Although school’s out for summer (cue the Alice Cooper!), our weather in the Rocky Mountains remains firmly in Spring mode. We haven’t been able to graduate from our rain boots yet, and it’s making us a little cranky. Heck, we even had an inch of hail in our yard last week, which was not great news for my newly purchased basil plants. Those suckers got pummeled. So we’re currently undergoing basil planting round 2 in the garden. Luckily, fresh basil is relatively cheap and totally worth it.
The cool weather means that summer tomatoes are going to be late this year. Really sweet, swoon-worthy tomatoes demand blisteringly hot afternoons and clearly we’re not even close. I’m hoping for July, but even that might be pushing things a bit.
Things are even slow at the Boulder Farmer’s market, arguably the most awesome farmer’s market in the state. I made my first hopeful trip up there last weekend, and there weren’t that many vendors setting up tents. Usually things are bustling and hopping by this time of year, but it was a pretty sleepy affair. Most of the ones there were still selling spring wares: garlic scapes, ramps, asparagus, pea shoots, tender little turnips and beets. Those things are fine, mind you, but I’m ready for a little more variety.
One thing the market was full of? Dogs. This never fails to crack me up, because there are signs all over the Boulder Farmer’s market saying: Please Leave Your Dogs at Home. Keep the Market Sanitary! And yet every third or fourth person at the market has a fuzzy, canine companion on a leash or in a wagon or peeking out of a purse. Clearly, to Boulderites, “no dogs allowed” means “no dogs allowed except mine.” I really don’t mind, because I love dogs and enjoy petting them and looking at the different shapes and sizes of them, but it’s amusing.
Sadly, there was no sign of the Sister’s Dumplings tent (oh my goodness, Sister’s Dumplings are pure nirvana and worth the trip to Boulder just for those alone) but the Tres Pupusa tent was there, so I loaded up on green chile and cheese pupusas for the freezer. My greedy little stomach can’t wait to dive into those. There were tons of local honey vendors, which was a welcome sight, and we had fun sampling the different varieties. I bought some tender eggplant and some sprightly asparagus and just when we were reaching the end of the market, I saw it: the lone heirloom tomato vendor. I got embarrassingly excited when I saw that tent. I bought an obscene amount of red, orange, green and yellow tomatoes. I knew I had buffalo mozzarella in my refrigerator and basil in my garden and my thoughts turned, as they often do in the summer, to all things caprese salad.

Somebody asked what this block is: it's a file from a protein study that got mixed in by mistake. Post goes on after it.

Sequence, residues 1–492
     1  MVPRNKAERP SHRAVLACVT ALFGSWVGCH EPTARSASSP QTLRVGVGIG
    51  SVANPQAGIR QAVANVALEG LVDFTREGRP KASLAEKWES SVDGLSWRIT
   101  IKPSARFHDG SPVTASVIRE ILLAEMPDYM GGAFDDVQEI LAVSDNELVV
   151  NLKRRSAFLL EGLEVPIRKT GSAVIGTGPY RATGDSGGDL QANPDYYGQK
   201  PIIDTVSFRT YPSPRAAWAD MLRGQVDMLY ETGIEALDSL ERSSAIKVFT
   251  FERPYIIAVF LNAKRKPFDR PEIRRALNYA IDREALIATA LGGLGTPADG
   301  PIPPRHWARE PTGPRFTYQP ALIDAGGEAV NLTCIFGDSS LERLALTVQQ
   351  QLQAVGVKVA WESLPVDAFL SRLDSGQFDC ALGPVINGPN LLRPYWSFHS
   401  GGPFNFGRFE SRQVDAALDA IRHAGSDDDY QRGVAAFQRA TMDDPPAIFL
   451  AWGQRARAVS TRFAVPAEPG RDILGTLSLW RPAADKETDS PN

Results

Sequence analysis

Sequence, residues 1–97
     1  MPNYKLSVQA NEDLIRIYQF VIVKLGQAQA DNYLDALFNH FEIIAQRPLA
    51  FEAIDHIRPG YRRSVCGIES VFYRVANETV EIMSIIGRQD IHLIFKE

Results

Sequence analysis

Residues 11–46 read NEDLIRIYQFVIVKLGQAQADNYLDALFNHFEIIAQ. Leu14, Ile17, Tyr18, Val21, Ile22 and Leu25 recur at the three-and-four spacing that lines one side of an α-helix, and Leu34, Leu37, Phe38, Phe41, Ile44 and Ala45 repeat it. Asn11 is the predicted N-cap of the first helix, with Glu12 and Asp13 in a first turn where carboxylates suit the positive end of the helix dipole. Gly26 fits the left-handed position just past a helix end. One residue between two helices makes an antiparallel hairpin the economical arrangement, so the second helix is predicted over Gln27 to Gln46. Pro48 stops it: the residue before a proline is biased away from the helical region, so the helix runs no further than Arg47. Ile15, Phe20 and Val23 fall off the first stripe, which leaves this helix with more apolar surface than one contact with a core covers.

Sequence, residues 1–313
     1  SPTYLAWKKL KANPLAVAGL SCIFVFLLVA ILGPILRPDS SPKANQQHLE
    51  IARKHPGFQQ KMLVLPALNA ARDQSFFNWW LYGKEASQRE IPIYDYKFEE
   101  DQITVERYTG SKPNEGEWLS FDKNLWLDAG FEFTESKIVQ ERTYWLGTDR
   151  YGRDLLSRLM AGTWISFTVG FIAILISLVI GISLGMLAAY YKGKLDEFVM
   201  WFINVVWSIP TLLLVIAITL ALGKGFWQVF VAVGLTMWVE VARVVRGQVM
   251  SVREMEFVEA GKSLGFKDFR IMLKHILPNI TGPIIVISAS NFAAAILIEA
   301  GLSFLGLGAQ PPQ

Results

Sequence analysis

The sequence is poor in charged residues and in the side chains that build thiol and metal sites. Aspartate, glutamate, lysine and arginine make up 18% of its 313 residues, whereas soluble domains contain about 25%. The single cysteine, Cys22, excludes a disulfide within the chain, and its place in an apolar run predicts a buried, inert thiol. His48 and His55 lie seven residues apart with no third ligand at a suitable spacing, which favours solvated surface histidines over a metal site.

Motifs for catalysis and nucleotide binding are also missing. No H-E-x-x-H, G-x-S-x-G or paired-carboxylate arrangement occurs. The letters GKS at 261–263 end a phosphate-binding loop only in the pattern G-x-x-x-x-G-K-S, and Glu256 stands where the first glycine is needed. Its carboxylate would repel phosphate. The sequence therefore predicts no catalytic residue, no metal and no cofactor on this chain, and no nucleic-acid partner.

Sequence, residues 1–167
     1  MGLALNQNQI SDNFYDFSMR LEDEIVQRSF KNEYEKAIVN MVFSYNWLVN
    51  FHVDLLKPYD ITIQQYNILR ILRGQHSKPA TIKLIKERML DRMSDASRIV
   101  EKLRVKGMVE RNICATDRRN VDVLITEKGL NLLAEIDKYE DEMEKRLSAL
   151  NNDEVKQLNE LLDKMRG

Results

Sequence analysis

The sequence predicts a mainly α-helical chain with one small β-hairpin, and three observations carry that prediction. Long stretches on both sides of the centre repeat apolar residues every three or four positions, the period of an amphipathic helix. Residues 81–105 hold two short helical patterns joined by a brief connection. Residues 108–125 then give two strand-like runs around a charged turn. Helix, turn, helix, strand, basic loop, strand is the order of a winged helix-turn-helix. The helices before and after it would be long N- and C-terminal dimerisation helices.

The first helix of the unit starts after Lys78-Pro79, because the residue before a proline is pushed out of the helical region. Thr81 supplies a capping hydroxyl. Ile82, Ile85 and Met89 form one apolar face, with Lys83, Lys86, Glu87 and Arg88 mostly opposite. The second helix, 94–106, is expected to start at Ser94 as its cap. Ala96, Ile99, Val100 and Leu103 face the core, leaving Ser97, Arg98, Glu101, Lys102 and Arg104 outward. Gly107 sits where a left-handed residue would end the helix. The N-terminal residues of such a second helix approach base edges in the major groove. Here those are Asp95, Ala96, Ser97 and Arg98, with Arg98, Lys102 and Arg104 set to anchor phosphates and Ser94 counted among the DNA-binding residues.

I live on caprese salad in the summer. Give me a heaping platter of caprese, a glass of chilled rose and a good hunk-o-gluten and I’m a happy girl.
There was just one leeetle problem (well, besides the gluten issue, which has yet to be resolved). Those heirloom tomatoes, so pretty on the outside, were just okay when I cut into them. Just okay farmer’s market tomatoes, while better than anything you can get in the grocery store, still have no place in a proper caprese salad. Proper caprese salad is the essence of simplicity, and if you don’t have the best balsamic, the creamiest and freshest of mozzarella, the juiciest, sweetest tomatoes…well, don’t bother.
These tomatoes needed a little more help. A bit of a flavor injection to help them along. So, what’s the answer, you ask?
The answer is in the vinaigrette. If you take okay tomatoes and slather them in a punchy, salty, flavor-packed vinaigrette, and let them hang out for about a half hour, bathing in that sassy pool of goodness, the result is a damn good salad.
In this case, I got out the quality olive oil and the good vinegar, tossed in some pungent olives, meaty sun-dried tomatoes, some garlic and anchovy love and a few other things, whizzed ’em up in the blender and doused my tomatoes liberally. Then you need about 30 minutes of patience before you dig in. Have a glass of that nice rose and kick your feet up. If you have friends over, do as we did last weekend, dig out the Cards Against Humanity and laugh yourself silly.
Then tear some basil and add some nice feta or fresh mozzarella, a little freshly ground pepper and dig into that salad, which will be totally worth eating. Munch away and watch as the inevitable afternoon storm clouds roll in, and decide that life is still pretty great. Summer will get here in her own sweet time.
Kalamata Olive Vinaigrette
makes about 3/4 cup
from Fine Cooking
6 tablespoons extra-virgin olive oil
1/3 cup Kalamata olives, pitted and chopped
1/4 cup oil packed sun-dried tomatoes, chopped
3 tablespoons white balsamic vinegar
1 medium garlic clove, grated
1/2 teaspoon anchovy paste (optional)
1/2 teaspoon finely grated lemon zest
1/8 teaspoon red pepper flakes
freshly ground black pepper and kosher salt to taste
Whir all ingredients in a food processor or blender until emulsified.